This weekend the NCAA will mark Selection Sunday, revealing the full list of bracket matchups for college basketball’s March Madness tournament. And, while your sports podiatrist in Powder Springs eagerly awaits the announcements, we’re going to spend the next few days making sure you don’t suffer from arch pain or injuries this month. (What we’re referring to right now as arch madness!) So, what forces put strain on your foot’s arch and how can you protect this small yet crucial section of your foot structure? Keep reading to find out!

What Role Does the Arch Play in Your Foot?

Your medial longitudinal arch (aka your foot arch) plays several roles for your body. First, it helps propel your foot forward when you walk. Plus, it helps absorb the shock when you walk, run or jump, keeping pressure off the rest of your foot, as well as your legs, knees and even your back. Finally, the arch helps keep your entire foot flexible.

What Causes Arch Pain? Hands holding the arch of the foot

When your arch is at its best, it’s not a part of the body that we usually think about. Yet, when problems develop, arch pain can become a major problem, and very quickly, too. But what causes pain in your foot arch, and why would your arch function be compromised?

First of all, your body’s own structure could stack the cards against you, right from the start. You see, many people are born with flat feet or high arches. And, while neither foot shape is inherently bad, having a high-arched or flat foot does put you at higher risk for all kinds of foot and arch pain. As such, to prevent arch pain due to your foot structure, you should look for shoe styles that are made for your specific foot shape. And, if arch pain persists, come see Dr. Cowans for a custom orthotics fitting. These medical grade shoe inserts provide arch and foot support exactly where you need, reducing or eliminating pain so you can walk and run in comfort.

Plantar Fasciitis and the Arch: What’s the Connection?

As we discussed last week, sometimes heel pain and arch pain go hand in hand. And, when that happens, the cause is usually plantar fasciitis. But what is this condition, and what does it have to do with your arch?

Well, the plantar fascia is a band of fibrous tissue that runs from your heel to your forefoot. And it goes right through your arch! Like your arch, the fascia helps support your foot. But it can easily get overstretched, developing inflammation or even tiny tears. When that happens, symptoms can include heel pain as well as arch pain. And treatment typically involves rest, ice, stretching and/or physical therapy, and getting fitted for custom orthotics to keep problems from returning.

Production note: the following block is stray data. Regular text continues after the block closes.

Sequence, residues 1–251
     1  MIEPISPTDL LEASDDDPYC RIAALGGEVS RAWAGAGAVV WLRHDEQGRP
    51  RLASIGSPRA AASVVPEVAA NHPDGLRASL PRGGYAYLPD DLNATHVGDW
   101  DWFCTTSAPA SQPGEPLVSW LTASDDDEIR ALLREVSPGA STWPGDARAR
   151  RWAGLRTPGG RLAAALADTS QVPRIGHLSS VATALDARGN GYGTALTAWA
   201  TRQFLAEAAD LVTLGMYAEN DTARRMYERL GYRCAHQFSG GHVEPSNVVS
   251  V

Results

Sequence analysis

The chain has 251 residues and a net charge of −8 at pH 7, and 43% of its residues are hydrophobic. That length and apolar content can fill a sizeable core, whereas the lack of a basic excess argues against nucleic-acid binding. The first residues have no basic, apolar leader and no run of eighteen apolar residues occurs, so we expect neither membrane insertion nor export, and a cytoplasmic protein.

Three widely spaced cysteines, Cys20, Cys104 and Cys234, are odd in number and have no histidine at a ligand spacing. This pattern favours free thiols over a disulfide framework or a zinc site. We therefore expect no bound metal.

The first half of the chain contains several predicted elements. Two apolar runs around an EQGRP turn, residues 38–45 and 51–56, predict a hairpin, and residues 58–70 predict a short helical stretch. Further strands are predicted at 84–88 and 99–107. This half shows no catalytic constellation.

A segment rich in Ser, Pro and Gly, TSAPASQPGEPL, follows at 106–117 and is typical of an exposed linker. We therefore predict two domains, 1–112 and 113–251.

Fallen Arches and Pain: A Sign of Other Problems

Sometimes, arch pain develops just when your arch disappears. Called a fallen arch, this problem could be the result of several different concerns. Sometimes, your arch collapses because you’ve gained weight or gone through a pregnancy. At other times, a newly collapsed arch could be the sign of an injury to your Achilles tendon, or of rheumatoid arthritis. Perhaps more worryingly, high blood pressure can cause your arches to collapse. And so can a condition called Charcot foot, a serious complication that affects diabetic patients with advanced cases of diabetic neuropathy.

Now, Charcot foot does a lot more to your body than simply causing arch pain. Rather, it deforms your foot, and increases your risk for ulcers and, ultimately, foot amputations. So, if you notice a fallen arch, come into the office right away. We’ll help make accommodations to protect you from arch pain. And we’ll also get to the bottom of what’s causing your arch to collapse, so that you don’t experience further complications.

Injuries and Arch Pain: A Common Combination

As if we haven’t given you enough to worry about, there are still more triggers that could cause you to experience arch problems. And they all relate to injuries, including fractures, sprains or even just bad bruises. Now, on your own, it’s very difficult to determine whether you’ve sprained, strained or broken a bone in your foot. In fact, it’s pretty tough to self-diagnose any foot problem that could be causing you arch pain.

Since that’s the case, what’s the best way to protect your feet and keep you in the game (whether you’re playing yourself or just watching the March Madness action from the comfort of your couch?) Here’s what you need to know. Untreated foot pain will usually get worse. And, even if it resolves on its own, that process will take time.

Want to avoid down time, worsening injuries and getting stuck on the sidelines? The solution is simple! At the first sign of arch pain or other foot concerns, reach out to our office and request an appointment. When you come in, Dr. Alvin Cowans will diagnose the cause of your discomfort and provide a treatment plan that gets you back in the game!



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